The Man Booker Prize would be that guy that says you just “don’t understand Morrissey” and will only drink Peruvian goat’s milk half-and-half decaf soy latte with a dash of Madagascan cinnamon. Despite notable moves in the publishing industry to reduce the elitism of the literary world, the Man Booker remains stoic in its high-brow elitism; this year, the public favourite His Bloody Project – which, ironically, far outsold the actual winner, The Sellout – was another demonstration of the inaccessibility of literary awards. Our opinions, and apparently our purchases, can be easily overlooked in favour of the snobbish opinions of literary critics and those engaged in the exclusive literary sphere. However, the Goodreads Choice Awards offers a chance at democratic redemption.
From November 1st , thousands of bibliophiles congregated to their laptops to vote for the winners of the Goodreads Choice Awards 2016. This year 3,565,560 votes have been cast, spanning genres that are often overlooked in highbrow literary awards, including Graphic Novels and Comics, Food and Cookbooks, and Young Adult Fantasy. To be eligible, the book must have been published in English in the United States between November 16, 2015, and November 15, 2016. Unlike the Man Booker – in which the long-list is selected by the advisory committee – there are opportunities from the long-list to the short-list for books are nominated by write-in recommendations from the Goodreads community. From the beginning of the award selection process to the winner, the Goodreads Choice Awards places public opinion at the forefront of its selection process.
The Goodreads Choice Awards offers a chance at democratic redemption
Just a quick look at the ratings of the past Man Booker Prize winners show that very few earned above 3.5/5 on Goodreads, classing them as barely above average in public opinion. Perhaps the Man Booker is a demonstration of ‘booksplaining’: like mansplaining, the panel guides our opinions with a commanding and condescending correction. “You might not have enjoyed it”, the Award says to the bookish masses, “but trust us, it’s a good book. We would know.” However, to be eligible for the Goodreads award nominees ‘must have an average rating of 3.50 or higher’, which are all based on public ratings of the books.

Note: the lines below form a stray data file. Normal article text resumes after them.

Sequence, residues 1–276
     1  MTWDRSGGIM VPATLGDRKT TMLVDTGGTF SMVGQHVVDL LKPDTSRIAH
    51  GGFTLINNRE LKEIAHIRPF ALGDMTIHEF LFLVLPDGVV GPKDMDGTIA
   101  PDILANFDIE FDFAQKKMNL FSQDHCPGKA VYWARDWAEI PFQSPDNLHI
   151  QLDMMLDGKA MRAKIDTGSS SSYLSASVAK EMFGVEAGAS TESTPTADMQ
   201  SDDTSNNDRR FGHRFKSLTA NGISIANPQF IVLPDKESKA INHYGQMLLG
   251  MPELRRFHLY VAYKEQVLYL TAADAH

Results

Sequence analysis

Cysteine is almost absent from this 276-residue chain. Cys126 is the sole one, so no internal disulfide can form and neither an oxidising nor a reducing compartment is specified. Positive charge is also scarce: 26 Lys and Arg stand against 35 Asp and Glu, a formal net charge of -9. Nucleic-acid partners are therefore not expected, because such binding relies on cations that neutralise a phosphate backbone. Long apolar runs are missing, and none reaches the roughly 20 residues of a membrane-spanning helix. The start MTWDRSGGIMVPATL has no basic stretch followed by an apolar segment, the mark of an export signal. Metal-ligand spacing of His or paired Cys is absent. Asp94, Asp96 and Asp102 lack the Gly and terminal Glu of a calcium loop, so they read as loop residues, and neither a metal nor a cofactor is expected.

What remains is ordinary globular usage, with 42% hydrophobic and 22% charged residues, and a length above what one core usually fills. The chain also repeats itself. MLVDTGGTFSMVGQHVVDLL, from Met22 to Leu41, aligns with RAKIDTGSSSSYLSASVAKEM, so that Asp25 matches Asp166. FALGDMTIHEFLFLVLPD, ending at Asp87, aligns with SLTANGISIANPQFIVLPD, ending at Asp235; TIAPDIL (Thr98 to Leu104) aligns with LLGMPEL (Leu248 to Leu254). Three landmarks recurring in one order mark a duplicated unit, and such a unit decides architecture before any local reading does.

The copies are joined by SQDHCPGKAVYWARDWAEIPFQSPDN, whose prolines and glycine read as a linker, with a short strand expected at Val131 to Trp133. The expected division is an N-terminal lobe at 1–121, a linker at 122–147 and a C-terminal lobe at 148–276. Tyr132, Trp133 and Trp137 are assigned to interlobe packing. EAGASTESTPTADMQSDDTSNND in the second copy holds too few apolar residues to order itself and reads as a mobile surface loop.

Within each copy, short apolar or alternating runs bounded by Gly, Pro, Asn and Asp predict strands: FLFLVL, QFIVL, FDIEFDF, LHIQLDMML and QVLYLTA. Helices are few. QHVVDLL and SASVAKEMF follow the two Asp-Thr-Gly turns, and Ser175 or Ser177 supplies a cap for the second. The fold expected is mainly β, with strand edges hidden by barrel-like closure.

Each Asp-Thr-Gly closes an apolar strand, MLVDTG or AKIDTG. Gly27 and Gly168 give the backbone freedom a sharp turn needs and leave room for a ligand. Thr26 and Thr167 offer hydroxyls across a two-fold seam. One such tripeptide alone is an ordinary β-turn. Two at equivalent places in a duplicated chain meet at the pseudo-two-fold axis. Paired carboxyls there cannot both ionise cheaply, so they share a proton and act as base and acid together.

Amazon’s 2016 Bestseller list shows six food and cookbooks in the top 20, and the Goodreads Choice Award is the only literary award to include a separate category for this genre. Rather than follow the archaic divide between fact and fiction, Goodreads has recognised the popularity of certainly genres and adapted accordingly, reflecting the current literary trends. If the Man Booker is your grandfather trying to work out how to use the telly, Goodreads is building a robot to help with household chores. The future of the publishing industry lies in the hands of the readers; the Goodreads Choice Awards is participating and shaping the way authors are rewarded for their writing.
the increasing popularity of the Goodreads Choice Awards reveals a growing appreciation of the public’s opinion
Literary communities are increasingly becoming a force of influence to the publishing industry, with book bloggers and the ‘bookstram’ hashtaggers increasingly receiving pre-releases as part of the marketing campaign for a new book. Similarly, with more voters than ever before, the increasing popularity of the Goodreads Choice Awards reveals a growing appreciation of the public’s opinion. The award may not carry the £50,000 prize that the Man Booker boasts, but it’s a popularity contest that won’t have book groups snickering about the ‘unreadability’ of the winner.
Admittedly, the Man Booker isn’t redundant. Its elitism is often farcical, but it upholds a standard that appreciates literary quality and represents intellectual innovation. In its 40 years of running, it has influenced the literary market in ways which could not have been anticipated by its founders (the winners become best sellers in hardback and even later, in paperback). However, this bookish elitism needs to be balanced by public opinion; by those who snatch a chapter on their morning commute, or read a new release in one hand while cooking dinner with the other, or all the occupants of a student house passing around a tattered paperback with their recommendation. Books can be studied and evaluated, but they can also be enjoyed, and the Goodreads Choice Award is unique in placing this evaluation at the forefront of its selection.